In the past years, the attention of scientists has focused mainly on the study of the genetic information and alterations that regulate eukaryotic cell proliferation and that lead to neoplastic transformation. All therapeutic strategies against cancer are, to date, directed at DNA either with cytotoxic drugs or gene therapy. Little or no interest has been aroused by protein synthesis mechanisms. However, an increasing body of data is emerging about the involvement of translational processes and factors in control of cell proliferation, indicating that protein synthesis can be an additional target for anticancer strategies. In this paper we review the novel insights on the biochemical and molecular events leading to protein biosynthesis and we describe their involvement in cell proliferation and tumorigenesis. A possible mechanistic explanation is given by the interactions that occur between protein synthesis machinery and the proliferative signal transduction pathways and that are therefore suitable targets for indirect modulation of protein synthesis. We briefly describe the molecular tools used to block protein synthesis and the attempts made at increasing their efficacy. Finally, we propose a new multimodal strategy against cancer based on the simultaneous intervention on protein synthesis and signal transduction.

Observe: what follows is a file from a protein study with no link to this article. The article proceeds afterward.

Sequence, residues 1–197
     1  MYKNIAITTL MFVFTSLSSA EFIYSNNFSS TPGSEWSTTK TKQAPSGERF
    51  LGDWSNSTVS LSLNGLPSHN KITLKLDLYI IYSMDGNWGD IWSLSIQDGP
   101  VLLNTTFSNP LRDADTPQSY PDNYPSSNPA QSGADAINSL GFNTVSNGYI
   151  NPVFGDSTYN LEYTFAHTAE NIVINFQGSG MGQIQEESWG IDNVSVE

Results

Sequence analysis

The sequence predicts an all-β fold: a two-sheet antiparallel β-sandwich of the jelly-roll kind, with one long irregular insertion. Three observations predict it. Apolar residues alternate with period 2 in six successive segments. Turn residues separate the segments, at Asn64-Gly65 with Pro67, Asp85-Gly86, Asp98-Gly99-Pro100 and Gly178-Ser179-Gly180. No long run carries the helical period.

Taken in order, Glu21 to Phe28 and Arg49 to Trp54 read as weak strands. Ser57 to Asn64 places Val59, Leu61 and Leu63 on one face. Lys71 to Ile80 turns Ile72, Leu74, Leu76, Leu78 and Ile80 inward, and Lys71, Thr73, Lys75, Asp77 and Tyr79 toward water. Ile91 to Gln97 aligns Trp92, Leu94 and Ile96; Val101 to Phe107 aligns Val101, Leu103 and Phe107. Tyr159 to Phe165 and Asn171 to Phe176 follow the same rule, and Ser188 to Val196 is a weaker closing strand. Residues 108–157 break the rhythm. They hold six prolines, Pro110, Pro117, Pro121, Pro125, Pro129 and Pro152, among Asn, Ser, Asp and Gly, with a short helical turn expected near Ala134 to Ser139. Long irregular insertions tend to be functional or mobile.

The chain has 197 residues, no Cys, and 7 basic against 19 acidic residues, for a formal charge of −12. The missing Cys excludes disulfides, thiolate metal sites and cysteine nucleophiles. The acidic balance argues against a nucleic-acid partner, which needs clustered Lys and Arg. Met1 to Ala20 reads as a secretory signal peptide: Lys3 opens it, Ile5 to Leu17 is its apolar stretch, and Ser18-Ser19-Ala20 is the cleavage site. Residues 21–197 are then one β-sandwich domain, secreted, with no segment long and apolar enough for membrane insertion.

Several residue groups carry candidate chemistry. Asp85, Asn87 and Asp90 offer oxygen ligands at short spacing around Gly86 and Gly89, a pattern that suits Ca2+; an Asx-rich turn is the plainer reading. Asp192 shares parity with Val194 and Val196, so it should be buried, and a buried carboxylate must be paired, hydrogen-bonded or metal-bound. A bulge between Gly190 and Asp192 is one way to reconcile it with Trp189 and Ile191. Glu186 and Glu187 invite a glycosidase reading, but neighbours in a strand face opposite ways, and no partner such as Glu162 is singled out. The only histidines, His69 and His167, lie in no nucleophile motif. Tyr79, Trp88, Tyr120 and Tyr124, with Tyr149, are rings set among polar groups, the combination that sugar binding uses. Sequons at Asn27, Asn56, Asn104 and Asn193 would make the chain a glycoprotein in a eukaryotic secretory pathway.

- Signal transduction
ASJC Scopus subject areas